Thursday, February 11, 2016

What Kind of Blog is This?

The previous ten blog posts before this one consisted of 2 recipes, 2 media reviews (an album and a TV series), 2 political blogs, and 4 personal blogs (self-reflection, anecdotes, updates, etc).

Sometimes I ruminate on philosophical and economic matters, sometimes I research history, discuss current events, or simply attempt to give advice. I even posted fanfiction every once in a while a couple of years ago. In short, this blog isn't consistent except that sometimes I post something new every day.

I don't want to make this blog "about" something. It works for me as a general outlet, and if I had to stick to a single topic I'm pretty sure I'd run out of things to say pretty quickly. I suppose I could build a readership more effectively if I branded myself better, but I'm not much for branding and I have little interest in building a readership. (Unless said readership will spread the world when I start running for president in a few years, anyway. Gonna need that ground game.)

That said, I'm curious about what sorts of posts my readership enjoys most. I don't plan on changing my eclectic approach, but I am curious about what's connecting with people. So by all means, let me know.

While you guys think about what you enjoy reading, I'll discuss what I enjoy writing.

There isn't a single topic I enjoy writing about most, really. However, there's a wonderful feeling I get when I get to write down something I've been thinking about for a while, and the thoughts spill out into something readable without a lot of effort on my part. I think it's a mixture of relief to finally record my thoughts before I forget them and the simple joy of communicating in an articulate manner. Feeling clever afterwards isn't the goal, but it's lovely when it comes about naturally.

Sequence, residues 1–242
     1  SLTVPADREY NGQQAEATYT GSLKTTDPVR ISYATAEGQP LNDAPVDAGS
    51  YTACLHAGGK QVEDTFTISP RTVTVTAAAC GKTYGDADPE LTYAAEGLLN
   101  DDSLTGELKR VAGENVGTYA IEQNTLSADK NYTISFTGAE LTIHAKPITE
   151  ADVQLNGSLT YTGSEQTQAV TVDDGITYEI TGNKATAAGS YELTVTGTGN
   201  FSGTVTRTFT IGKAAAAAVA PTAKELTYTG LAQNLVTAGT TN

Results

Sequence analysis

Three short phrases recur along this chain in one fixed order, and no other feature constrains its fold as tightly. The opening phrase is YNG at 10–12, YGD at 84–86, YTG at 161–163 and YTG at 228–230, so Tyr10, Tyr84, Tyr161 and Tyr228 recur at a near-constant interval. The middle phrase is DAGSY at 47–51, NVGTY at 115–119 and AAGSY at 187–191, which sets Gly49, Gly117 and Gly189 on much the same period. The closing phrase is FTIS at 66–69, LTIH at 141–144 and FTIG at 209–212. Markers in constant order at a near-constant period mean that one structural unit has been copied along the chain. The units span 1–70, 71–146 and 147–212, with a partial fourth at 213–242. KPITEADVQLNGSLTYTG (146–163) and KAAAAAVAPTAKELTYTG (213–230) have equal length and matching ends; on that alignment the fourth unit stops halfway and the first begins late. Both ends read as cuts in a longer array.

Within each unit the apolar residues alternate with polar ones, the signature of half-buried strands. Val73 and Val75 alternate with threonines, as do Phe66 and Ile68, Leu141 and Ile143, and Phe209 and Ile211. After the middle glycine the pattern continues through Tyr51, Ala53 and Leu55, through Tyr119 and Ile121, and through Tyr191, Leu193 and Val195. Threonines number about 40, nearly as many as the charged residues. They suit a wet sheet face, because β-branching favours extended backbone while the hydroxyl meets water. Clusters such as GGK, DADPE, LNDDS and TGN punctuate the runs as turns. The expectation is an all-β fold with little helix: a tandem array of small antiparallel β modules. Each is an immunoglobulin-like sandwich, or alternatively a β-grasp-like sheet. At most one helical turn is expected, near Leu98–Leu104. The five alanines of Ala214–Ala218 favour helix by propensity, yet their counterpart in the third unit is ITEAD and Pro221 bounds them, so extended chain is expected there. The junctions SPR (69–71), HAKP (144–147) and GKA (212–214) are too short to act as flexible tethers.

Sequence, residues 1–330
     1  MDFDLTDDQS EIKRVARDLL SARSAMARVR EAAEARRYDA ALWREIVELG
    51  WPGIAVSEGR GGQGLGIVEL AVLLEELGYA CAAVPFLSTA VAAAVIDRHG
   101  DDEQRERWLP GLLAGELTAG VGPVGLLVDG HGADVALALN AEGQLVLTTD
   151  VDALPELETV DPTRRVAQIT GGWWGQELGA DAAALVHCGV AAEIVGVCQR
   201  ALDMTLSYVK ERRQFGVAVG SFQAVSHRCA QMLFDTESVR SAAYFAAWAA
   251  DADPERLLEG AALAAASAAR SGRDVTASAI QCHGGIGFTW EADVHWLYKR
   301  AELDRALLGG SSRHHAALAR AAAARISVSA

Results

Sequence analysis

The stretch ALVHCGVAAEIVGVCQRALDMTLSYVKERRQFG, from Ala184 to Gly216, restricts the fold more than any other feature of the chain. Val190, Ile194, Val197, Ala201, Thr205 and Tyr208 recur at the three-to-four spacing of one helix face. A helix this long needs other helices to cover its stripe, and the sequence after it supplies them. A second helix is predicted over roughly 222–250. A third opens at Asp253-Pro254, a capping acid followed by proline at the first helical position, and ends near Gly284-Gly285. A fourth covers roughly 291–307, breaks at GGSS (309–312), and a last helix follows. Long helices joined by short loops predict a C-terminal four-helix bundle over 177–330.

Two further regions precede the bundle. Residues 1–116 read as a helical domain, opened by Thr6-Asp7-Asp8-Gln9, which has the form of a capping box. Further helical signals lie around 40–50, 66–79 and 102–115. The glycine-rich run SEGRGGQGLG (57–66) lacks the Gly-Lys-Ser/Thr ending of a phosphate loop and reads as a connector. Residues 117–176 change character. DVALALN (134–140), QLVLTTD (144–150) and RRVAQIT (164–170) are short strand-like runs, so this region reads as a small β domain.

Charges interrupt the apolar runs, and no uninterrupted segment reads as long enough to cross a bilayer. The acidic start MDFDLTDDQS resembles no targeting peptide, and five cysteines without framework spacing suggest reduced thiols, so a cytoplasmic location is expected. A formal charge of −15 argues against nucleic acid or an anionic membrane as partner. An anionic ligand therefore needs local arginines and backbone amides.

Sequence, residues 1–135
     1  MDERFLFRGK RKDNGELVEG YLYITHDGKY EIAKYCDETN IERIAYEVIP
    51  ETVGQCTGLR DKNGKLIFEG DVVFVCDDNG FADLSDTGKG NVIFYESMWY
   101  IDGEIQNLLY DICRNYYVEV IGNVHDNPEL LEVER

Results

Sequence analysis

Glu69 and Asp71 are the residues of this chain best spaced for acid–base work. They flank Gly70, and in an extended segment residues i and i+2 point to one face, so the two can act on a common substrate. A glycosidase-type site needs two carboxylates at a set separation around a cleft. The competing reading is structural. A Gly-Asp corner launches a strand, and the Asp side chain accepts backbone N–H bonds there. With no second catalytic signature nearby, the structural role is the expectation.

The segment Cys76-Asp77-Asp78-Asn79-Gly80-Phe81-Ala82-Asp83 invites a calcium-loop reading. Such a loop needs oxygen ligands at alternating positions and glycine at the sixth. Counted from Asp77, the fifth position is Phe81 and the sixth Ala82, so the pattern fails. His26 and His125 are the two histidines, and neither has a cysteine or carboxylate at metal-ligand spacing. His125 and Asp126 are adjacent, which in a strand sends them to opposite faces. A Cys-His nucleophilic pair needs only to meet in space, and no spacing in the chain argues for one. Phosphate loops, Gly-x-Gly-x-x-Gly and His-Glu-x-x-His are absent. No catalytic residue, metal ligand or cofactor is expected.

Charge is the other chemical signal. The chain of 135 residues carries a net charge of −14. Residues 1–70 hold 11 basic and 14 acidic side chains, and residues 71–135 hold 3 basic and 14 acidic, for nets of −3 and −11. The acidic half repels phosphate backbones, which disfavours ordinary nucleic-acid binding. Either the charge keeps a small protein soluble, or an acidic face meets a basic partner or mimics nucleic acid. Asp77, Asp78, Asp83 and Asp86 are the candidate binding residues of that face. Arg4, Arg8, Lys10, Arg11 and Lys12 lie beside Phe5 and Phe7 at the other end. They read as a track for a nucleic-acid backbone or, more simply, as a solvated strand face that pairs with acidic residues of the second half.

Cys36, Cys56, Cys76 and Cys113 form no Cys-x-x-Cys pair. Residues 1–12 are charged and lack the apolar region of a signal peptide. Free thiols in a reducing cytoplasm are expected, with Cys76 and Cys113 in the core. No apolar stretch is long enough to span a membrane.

Some recent examples of these effortless, enjoyable posts are "IRL" and "The Death of Subtext," both of which are things I'd been thinking about for a long time before I wrote them.

On the opposite end of the effort spectrum are the research-heavy posts, which are also a joy, if for a different reason. These take way longer to write, of course, but they involve activities I enjoy independent of blog writing: Wikipedia rabbit-holes and historical research, for instance. Sometimes I do research on a topic specifically to write a blog post, and other times I happened to already be researching something before I decide to write about it. For these posts, the joy is mostly in the learning and research itself, with a secondary joy of sharing what I've learned.

Some recent examples of these research posts include "Reinhold Niebuhr" and "Let's Talk Final Fantasy," the latter of which involved a spreadsheet to help me compare and contrast the directors, writers, and composers for each game in the series.

The reflection on Bernie Sanders also involved a spreadsheet in which I tracked every U.S. President by age and time in office, all so I could point out that if Sanders were to become president he'd be the oldest person ever elected president by a wide margin (though Reagan left office when he was older than Sanders is now). The data was just generally fascinating, though, and now I'm kind of sad I deleted that spreadsheet.

Media reviews are mostly just cathartic for me. I don't imagine other people get much out of those posts unless they've also experienced whatever I'm reviewing and have opinions to share. Finishing a really good movie, book, or TV series always leaves me with a lot to think about, though, so I'm glad I can use this blog to record my thoughts.

I don't like to talk about current events too much, partly because I don't like to give my opinion on matters until I've had the time to think about things and get my facts straight. Current events tend to ride high on emotions that cloud judgment, forcing the truth to take a back seat as the media pursues the story. Often you discover that the big story of the previous week got several key details wrong, but by that time everybody has moved on so nobody cares. In general, I'd prefer not to give my thoughts on events that will be at best irrelevant and at worst practically fictional within a couple of weeks.

The exception lately is politics. Politics are complicated and difficult to explain, and they definitely feed on emotions and clouded judgment like any other current event. However, politics are also the forum through which we, as a country, decide what sort of society we want to be. I'm interested in being a part of that conversation, even if it can be frustrating to talk about sometimes.

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